Prince Harry volunteering with rhino rehabilitation centre Khulula Care for Wild South Africa image credit Daily Express

Prince Harry volunteering with Khulula Care for Wild South Africa image credit Daily Express

  1. Employ a SAS trained team of rangers

Some conservancies have taken drastic measures to make sure their rhinos are safe.  Michael Dyer at Borana lodge in northern Kenya, has employed an ex-army officer to train his rangers in the most sophisticated methods to track poachers. This level of security is very costly and is potentially dangerous work, but it is very effective.  Michael has teamed up with the neighbouring Lewa Conservancy and together they have had a huge success rate with almost none of their translocated rhinos being taken. Guests at Borana Lodge can take part in the conservation efforts of the team and see just how determined these dedicated wildlife custodians are to save their rhino.  It’s one of Africa’s best success stories and tourist money goes a long way to making the programme here successful.

Camouflaged rangers on guard to protect rhino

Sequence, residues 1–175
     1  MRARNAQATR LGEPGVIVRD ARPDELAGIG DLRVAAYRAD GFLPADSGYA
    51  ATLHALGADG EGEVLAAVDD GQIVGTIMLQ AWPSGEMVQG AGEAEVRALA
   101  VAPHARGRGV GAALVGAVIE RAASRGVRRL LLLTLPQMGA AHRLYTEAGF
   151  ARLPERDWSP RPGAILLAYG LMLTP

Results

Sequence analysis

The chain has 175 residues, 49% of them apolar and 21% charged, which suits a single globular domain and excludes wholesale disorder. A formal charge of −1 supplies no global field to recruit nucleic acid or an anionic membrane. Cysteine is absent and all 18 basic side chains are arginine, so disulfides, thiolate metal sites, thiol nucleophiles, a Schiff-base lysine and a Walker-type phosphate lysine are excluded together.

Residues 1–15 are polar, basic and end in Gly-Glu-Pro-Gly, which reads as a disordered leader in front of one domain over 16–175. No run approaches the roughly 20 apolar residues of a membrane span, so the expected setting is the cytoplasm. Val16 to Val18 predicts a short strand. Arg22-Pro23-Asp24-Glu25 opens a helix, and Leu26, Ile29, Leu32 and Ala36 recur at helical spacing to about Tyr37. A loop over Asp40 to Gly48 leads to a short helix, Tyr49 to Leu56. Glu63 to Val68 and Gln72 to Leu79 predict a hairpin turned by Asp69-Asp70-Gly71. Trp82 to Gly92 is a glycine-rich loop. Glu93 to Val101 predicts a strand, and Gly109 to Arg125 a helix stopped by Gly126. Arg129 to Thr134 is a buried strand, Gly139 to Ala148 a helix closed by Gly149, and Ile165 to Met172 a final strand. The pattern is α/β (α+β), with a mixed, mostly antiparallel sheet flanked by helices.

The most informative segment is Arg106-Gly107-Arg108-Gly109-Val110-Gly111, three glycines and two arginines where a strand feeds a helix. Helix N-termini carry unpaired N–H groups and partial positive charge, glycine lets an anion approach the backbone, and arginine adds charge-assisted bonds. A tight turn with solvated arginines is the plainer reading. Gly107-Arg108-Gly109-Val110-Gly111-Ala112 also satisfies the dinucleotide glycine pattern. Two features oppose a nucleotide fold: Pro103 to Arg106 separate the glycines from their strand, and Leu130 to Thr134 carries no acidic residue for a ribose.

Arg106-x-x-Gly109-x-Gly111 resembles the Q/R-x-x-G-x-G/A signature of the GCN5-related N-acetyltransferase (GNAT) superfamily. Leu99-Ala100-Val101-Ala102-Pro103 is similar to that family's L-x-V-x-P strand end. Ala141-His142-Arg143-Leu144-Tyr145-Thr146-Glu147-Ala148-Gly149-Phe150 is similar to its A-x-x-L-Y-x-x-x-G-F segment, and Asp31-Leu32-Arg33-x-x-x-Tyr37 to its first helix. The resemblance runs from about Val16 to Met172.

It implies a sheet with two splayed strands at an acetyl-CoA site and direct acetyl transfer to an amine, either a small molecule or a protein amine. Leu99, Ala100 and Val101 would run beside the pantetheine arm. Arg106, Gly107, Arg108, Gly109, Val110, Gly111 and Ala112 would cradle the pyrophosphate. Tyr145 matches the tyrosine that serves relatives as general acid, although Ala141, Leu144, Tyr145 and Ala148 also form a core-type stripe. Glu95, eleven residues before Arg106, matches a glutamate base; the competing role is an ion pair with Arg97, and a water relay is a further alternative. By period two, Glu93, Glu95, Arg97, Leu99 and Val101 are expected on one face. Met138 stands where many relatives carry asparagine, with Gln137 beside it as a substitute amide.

Rangers trained by SAS ex-army officer to learn the best way to track poachers Image credit: Borana Lodge, Kenya

  1. Move rhino from risky South Africa to the safe haven of Botswana

In July this year, Wilderness Safaris, in partnership with the Botswana, South African and Zimbabwean Governments, successfully completed the largest ever cross-border translocation of black rhino, during which around 1% of the total global population was moved into a safe haven in Botswana’s Okavango Delta.  Around eight international relocations took place during May and June alone, with rhino sourced from five locations in South Africa and Zimbabwe safely transported to Botswana in a Hercules C130 aircraft. Wilderness Safaris’ Rhino Monitoring Officers are now in charge of protecting this significant population, along with a 50 strong unit from the Botswana Defence Force whose sole duty it will be to monitor the rhino 24/7, 365 days a year.